The title would invoke thoughts with regards to the recent 5 room flat in Pinnacle @ Duxton which transacted at a record breaking $1,028,000. I agree that the price is exorbitantly high and such buyers are far and few between. However, if we were to take a look from an investment standpoint, a 5 room flat in the vicinity could fetch a rental of approximately $4,500 per month. Let’s then assume that the average 5 room flat transactions are in the region of $950,000 rather than making the price of more than a million Singapore dollars a norm. This translates to a rental yield of  5.68%. This is in contrast to many property owners who are getting yields in the region of 2 to 3% for their residential purchase. Yes the flat at the Pinnacle was bought at a price which should never have happened if common sense prevailed. It would be more prudent to wait for a similar unit to appear on the market that would be commanding a lower asking price. So why did the transaction happen?

1) The location of the Pinnacle is extremely prime. Right smack in the middle of Singapore’s central business district (CBD). If the new owners were working in the CBD, they could save loads in terms of transport costs. If they intended to rent it out once they have fulfilled their minimum occupation period of 5 years, they could do so with ease if they priced it correctly. The worst thing for a landlord is to have no takers for his property even at a low price. This would mean zero to negative yields (since he would still have to pay property taxes and maintenance fees) on his investment.

2) The uniqueness of the project. Many of us are drawn to the uniqueness of things. Which is why many people pay high prices for flashy cars, clothes, bags and watches. The Pinnacle is unique in it’s design and construction. There is no government subsidized housing which is similar. There is a sky bridge which can be accessed by the residents and the public.

3) The unit is located on a very high level. It is located above the 40th floor. This is another unique feature which would give the unit a very nice view of the city.

Which then brings me to what I think is overpriced in Singapore.

Flats in non mature estate such as Punggol and Sengkang.

The Straits Times ran an article about falling non-mature estate flat prices. You can read about it here

Prices in Punggol have been transacting in excess of $550,000 in some parts of the estate. This is extremely expensive based on a few factors.

1) The location is extremely inconvenient. Even if the property is close to the Punggol MRT, the fact that you are at one end of the train line tends to signal the fact that every train ride is going to be a long journey. Transport costs have to be and should be included in the decision to purchase a property in Punggol. Eventually if the flat were to be rented out, the pool of tenants would also be tenants who do not mind the long commute. Thus if they were sacrificing time and cost on a daily basis, they would allocate a lower budget to pay their rent.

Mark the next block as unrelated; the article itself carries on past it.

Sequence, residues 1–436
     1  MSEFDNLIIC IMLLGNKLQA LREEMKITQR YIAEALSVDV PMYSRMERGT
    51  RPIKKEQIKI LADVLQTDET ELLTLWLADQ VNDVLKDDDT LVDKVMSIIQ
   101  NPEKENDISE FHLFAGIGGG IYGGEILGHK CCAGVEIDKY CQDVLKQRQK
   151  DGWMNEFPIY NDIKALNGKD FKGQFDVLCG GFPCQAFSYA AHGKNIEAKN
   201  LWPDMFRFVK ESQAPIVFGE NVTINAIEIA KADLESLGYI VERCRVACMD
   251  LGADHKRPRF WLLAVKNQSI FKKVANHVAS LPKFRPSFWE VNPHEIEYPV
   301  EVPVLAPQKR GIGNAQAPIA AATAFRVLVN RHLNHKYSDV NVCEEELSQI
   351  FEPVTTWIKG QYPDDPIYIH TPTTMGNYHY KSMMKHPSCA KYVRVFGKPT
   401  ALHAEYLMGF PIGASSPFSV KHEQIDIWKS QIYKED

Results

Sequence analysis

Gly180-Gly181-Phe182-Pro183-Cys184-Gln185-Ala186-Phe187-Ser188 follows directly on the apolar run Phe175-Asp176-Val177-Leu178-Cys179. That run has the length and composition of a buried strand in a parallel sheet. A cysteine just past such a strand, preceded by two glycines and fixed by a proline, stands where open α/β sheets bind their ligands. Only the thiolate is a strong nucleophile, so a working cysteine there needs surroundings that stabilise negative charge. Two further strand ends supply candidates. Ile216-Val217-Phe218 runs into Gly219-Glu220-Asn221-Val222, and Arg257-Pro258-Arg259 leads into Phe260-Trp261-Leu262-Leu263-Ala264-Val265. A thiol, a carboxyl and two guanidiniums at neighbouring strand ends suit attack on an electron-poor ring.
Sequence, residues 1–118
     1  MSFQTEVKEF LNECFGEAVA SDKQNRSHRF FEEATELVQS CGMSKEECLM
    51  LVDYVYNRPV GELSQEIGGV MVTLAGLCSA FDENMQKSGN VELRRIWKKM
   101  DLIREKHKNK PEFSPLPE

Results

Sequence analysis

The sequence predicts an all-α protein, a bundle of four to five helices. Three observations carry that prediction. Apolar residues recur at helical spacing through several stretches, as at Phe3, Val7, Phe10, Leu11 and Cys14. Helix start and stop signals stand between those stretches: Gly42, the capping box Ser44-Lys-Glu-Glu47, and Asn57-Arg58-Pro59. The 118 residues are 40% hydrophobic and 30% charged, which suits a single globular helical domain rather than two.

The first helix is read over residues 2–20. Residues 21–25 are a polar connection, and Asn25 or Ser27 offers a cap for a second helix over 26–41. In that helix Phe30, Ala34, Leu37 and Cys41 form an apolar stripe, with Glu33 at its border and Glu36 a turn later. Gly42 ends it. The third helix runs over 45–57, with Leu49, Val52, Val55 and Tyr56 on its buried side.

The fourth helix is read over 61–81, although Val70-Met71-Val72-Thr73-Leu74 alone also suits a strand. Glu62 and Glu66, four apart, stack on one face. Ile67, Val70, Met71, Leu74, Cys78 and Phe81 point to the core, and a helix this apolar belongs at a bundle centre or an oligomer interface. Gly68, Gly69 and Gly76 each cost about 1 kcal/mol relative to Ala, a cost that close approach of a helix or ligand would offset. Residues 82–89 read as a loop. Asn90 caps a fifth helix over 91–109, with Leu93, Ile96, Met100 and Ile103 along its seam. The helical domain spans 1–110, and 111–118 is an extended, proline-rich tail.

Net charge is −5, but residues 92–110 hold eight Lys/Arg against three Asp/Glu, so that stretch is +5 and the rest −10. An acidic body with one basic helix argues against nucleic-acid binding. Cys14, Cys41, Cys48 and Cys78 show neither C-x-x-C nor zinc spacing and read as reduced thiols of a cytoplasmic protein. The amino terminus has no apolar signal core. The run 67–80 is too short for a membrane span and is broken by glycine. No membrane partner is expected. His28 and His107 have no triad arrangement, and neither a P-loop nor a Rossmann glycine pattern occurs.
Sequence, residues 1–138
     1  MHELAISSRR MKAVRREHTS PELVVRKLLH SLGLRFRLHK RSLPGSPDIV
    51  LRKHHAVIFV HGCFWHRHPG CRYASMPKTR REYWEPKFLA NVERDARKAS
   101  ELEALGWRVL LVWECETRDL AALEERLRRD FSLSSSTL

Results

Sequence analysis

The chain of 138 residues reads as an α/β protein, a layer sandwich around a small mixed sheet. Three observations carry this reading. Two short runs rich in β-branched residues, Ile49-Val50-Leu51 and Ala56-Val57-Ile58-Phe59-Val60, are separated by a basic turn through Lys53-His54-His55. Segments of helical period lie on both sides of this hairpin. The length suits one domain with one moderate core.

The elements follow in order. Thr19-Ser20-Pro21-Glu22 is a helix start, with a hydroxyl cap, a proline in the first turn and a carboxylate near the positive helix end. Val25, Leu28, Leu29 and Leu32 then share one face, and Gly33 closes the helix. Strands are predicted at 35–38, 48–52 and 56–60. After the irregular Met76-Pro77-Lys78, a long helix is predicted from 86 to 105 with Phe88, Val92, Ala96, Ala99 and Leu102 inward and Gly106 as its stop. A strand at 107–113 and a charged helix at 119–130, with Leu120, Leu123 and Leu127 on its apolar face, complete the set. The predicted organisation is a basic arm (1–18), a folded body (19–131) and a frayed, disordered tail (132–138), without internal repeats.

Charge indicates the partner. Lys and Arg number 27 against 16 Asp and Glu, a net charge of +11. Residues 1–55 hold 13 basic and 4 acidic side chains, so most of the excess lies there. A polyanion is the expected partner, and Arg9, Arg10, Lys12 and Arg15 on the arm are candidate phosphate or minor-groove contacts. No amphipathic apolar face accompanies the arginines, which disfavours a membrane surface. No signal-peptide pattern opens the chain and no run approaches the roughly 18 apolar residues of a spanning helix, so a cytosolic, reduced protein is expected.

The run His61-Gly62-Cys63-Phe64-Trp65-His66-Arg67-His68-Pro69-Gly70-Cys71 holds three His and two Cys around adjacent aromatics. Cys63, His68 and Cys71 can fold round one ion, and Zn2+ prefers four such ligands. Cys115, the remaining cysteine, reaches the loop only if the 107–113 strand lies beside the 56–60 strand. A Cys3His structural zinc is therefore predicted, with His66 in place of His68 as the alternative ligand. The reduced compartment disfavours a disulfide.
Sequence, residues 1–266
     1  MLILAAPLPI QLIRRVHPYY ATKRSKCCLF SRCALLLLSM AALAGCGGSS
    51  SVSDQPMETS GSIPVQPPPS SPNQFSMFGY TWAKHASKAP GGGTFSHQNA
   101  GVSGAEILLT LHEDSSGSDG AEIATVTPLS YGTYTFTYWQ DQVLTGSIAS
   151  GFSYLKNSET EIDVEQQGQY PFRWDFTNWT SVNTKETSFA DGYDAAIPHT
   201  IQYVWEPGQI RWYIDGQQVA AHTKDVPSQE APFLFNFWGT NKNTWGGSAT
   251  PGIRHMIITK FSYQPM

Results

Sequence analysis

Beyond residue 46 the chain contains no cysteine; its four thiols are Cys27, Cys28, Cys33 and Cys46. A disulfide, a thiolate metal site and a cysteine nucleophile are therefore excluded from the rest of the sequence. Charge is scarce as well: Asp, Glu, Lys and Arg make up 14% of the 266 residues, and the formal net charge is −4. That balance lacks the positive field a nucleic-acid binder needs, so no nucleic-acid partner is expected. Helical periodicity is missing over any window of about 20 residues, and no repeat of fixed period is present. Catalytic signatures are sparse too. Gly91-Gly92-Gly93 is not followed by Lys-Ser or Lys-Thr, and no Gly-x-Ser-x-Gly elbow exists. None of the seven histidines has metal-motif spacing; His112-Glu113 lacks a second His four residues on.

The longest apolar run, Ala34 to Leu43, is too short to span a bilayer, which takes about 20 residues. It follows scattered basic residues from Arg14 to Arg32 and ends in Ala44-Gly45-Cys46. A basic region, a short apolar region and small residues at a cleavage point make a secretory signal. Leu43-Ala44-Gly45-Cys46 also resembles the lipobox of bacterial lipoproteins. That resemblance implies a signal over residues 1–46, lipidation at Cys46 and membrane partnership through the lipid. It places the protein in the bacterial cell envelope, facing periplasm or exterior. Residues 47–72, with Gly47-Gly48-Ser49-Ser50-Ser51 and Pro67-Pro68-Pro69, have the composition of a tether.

2) There is nothing so distinctly unique about any flat in Punggol with regards to it’s design. Almost every flat is created similar. The estate was meant to provide affordable housing to families. The space created by developing and clearing the vegetation which once existed meant that loads of housing could be built to help alleviate the chronic problem of flat shortages. Eventually if the flat owner decides to rent the unit out, the mere fact that there is a glut of housing options would mean that his unit would be facing stiff competition from many other landlords.

3) The estate has been around for a substantial period of time. It has been herald as a place for scenic waterfront living. However, it is still far off from overtaking places like East Coast for places where families can gather for a relaxing weekend. With the development of the Marina area, there are more prime scenic locations to compete with. Amenities are spread out sparsely throughout the estate as compared to matured estates like Ang Mo Kio, Clementi and Bedok. This also would affect the rental demand for the properties in Punggol.

4) The government is still releasing more land for the development of even more government subsidized and private housing. This will inadvertently affect the ability to rent and sell current properties in the estate.

Which do you think is more overpriced? Flats in a good location with high demand and little or no new supply or flats in places like Punggol with tepid demand and abundant supply in the pipeline?

To me the fact that a flat in Blk 648 in Punggol was transacted for $585,000 (Jan 2014) should be ringing louder alarm bells than the one in The Pinnacle which went for $1,028,000.

Yours Sincerely,

Daryl Lum